aphelion

noun
aph·​elion | \ a-ˈfēl-yən How to pronounce aphelion (audio) , ˌap-ˈhēl- How to pronounce aphelion (audio) \
plural aphelia\ a-​ˈfēl-​yə How to pronounce aphelia (audio) , ˌap-​ˈhēl-​ \

Definition of aphelion

: the point farthest from the sun in the path of an orbiting celestial body (such as a planet) — compare perihelion

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Did You Know?

Aphelion and perihelion are troublesome terms. Which one means a planet is nearest to the sun and which means it is farthest away? An etymology lesson may help you keep those words straight. Just remember that the "ap" of aphelion derives from a Latin prefix that means "away from" (the mnemonic "'A' for 'away'" can help too); peri-, on the other hand, means "near." And how are aphelion and perihelion related to the similar-looking astronomical pair, apogee and perigee? Etymology explains again. The "helion" of aphelion and perihelion is based on the Greek word hēlios, meaning "sun," while the "gee" of apogee and perigee is based on gaia, meaning "earth." The first pair describes distance in relation to the sun, the second in relation to the earth.

Examples of aphelion in a Sentence

Recent Examples on the Web The closest of these run-ins occurs when Earth reaches aphelion, or its farthest point from the sun, and when Mars reaches perihelion, its closest point to the sun. Jennifer Leman, Popular Mechanics, "How to Get an Absolutely Perfect View of Mars This Week," 5 Oct. 2020 Apart from Mercury, no other natural object in our solar system is known to have a smaller aphelion—the point at which an orbiting body is farthest from the sun. Katherine J. Wu, Smithsonian Magazine, "Astronomers Spot First Asteroid Nearer to the Sun Than Venus," 21 Jan. 2020 Mars’ orbit is more elliptical than Earth’s, so the difference between perihelion and aphelion is greater. Dave Epstein, BostonGlobe.com, "Mars is going to be really bright for the rest of the summer," 11 July 2018 Over the past centuries, Mars’ orbit has been getting more and more elongated, carrying the planet even nearer to the sun at perihelion and even farther away at aphelion. Dave Epstein, BostonGlobe.com, "Mars is going to be really bright for the rest of the summer," 11 July 2018 Image On Friday, Earth will swing toward the outermost point in its orbit, known as aphelion. Shannon Hall, New York Times, "Never Mind the Summer Heat: Earth Is at Its Greatest Distance From the Sun," 5 July 2018 After orbiting the Earth for 6 hours, a third-stage burn-to-depletion was completed at approximately 02:30 UTC Feb 7, placing the dummy payload in a heliocentric orbit having a perihelion of 0.99 au and aphelion ~1.7 au. Joe Pappalardo, Popular Mechanics, "We Know Exactly Where Musk’s Space Tesla Is Going," 8 Feb. 2018 Confirming the rocket firing, SpaceX released initial data indicating the Roadster was headed for an elliptical orbit around the sun with a high point, or aphelion, out in the asteroid belt, well beyond the orbit of Mars. William Harwood, CBS News, ""Starman" and Tesla heading for deep space," 7 Feb. 2018 Each year, during wintertime in the northern hemisphere, the Earth reaches its closest point to the sun, or perihelion, and during the northern hemisphere summer the Earth hits the farthest point from the sun, or aphelion. Jay Bennett, Popular Mechanics, "One Day There Will Be No More Total Solar Eclipses," 18 Aug. 2017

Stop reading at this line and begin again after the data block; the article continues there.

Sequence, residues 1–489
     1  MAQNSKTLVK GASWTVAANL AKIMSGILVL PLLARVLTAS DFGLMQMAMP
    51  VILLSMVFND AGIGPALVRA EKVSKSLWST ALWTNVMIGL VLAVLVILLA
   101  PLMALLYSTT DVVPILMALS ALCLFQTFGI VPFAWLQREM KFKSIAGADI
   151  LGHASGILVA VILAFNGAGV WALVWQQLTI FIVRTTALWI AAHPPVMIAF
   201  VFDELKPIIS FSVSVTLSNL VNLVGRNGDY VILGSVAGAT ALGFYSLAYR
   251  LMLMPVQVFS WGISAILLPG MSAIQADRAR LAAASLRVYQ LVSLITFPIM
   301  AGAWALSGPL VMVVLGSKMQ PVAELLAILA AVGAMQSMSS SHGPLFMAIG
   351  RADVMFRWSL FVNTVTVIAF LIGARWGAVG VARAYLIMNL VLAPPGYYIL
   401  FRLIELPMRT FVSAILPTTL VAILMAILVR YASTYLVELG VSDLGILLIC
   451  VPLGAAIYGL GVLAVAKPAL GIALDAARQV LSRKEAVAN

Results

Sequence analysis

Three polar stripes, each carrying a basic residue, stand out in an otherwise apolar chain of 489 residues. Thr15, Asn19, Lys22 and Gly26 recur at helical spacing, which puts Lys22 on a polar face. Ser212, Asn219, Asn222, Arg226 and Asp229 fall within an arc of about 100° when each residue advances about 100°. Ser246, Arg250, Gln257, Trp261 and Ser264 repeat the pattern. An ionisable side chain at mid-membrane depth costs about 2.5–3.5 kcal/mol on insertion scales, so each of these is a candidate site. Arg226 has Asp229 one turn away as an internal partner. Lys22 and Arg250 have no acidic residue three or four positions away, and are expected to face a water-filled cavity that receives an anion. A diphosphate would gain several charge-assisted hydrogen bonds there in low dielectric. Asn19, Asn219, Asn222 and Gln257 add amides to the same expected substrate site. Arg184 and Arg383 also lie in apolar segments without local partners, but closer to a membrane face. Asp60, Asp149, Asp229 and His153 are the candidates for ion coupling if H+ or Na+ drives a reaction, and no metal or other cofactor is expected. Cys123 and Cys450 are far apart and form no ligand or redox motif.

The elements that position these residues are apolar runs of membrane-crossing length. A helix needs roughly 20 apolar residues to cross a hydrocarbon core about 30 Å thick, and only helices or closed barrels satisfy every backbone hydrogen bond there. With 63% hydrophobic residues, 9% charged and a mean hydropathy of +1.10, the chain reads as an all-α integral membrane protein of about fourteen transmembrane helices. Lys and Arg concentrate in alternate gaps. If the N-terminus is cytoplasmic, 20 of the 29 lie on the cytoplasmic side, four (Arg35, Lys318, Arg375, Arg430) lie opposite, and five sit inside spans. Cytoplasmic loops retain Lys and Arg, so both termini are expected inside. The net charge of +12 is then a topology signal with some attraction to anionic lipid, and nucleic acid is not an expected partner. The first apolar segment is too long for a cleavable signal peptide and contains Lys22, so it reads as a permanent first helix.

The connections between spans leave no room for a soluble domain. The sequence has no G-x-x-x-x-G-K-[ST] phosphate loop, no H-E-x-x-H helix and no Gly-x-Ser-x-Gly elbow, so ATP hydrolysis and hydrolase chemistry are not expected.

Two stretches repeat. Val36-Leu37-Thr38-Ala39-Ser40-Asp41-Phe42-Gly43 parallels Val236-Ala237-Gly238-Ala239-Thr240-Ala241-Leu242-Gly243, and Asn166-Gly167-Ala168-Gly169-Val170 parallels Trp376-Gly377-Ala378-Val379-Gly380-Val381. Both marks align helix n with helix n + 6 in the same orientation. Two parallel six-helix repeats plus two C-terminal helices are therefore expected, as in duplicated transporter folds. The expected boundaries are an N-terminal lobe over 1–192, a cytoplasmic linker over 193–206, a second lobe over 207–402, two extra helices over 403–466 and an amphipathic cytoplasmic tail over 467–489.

These example sentences are selected automatically from various online news sources to reflect current usage of the word 'aphelion.' Views expressed in the examples do not represent the opinion of Merriam-Webster or its editors. Send us feedback.

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First Known Use of aphelion

1656, in the meaning defined above

History and Etymology for aphelion

New Latin, from apo- + Greek hēlios sun — more at solar

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Time Traveler for aphelion

Time Traveler

The first known use of aphelion was in 1656

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Last Updated

13 Oct 2020

Cite this Entry

“Aphelion.” Merriam-Webster.com Dictionary, Merriam-Webster, https://www.merriam-webster.com/dictionary/aphelion. Accessed 29 Nov. 2020.

More from Merriam-Webster on aphelion

Britannica.com: Encyclopedia article about aphelion

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